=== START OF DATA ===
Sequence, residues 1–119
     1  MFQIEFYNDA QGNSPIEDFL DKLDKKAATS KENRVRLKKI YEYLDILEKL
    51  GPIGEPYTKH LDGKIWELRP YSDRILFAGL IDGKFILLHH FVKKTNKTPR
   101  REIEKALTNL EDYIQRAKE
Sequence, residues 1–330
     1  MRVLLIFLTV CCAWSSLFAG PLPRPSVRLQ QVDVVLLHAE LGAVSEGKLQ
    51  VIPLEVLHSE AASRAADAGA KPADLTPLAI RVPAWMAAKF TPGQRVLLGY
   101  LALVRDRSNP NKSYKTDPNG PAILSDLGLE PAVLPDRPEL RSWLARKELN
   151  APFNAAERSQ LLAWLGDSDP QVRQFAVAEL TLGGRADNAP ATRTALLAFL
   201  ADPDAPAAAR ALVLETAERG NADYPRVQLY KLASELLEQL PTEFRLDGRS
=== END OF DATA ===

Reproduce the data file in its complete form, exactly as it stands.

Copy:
Sequence, residues 1–119
     1  MFQIEFYNDA QGNSPIEDFL DKLDKKAATS KENRVRLKKI YEYLDILEKL
    51  GPIGEPYTKH LDGKIWELRP YSDRILFAGL IDGKFILLHH FVKKTNKTPR
   101  REIEKALTNL EDYIQRAKE
Sequence, residues 1–330
     1  MRVLLIFLTV CCAWSSLFAG PLPRPSVRLQ QVDVVLLHAE LGAVSEGKLQ
    51  VIPLEVLHSE AASRAADAGA KPADLTPLAI RVPAWMAAKF TPGQRVLLGY
   101  LALVRDRSNP NKSYKTDPNG PAILSDLGLE PAVLPDRPEL RSWLARKELN
   151  APFNAAERSQ LLAWLGDSDP QVRQFAVAEL TLGGRADNAP ATRTALLAFL
   201  ADPDAPAAAR ALVLETAERG NADYPRVQLY KLASELLEQL PTEFRLDGRS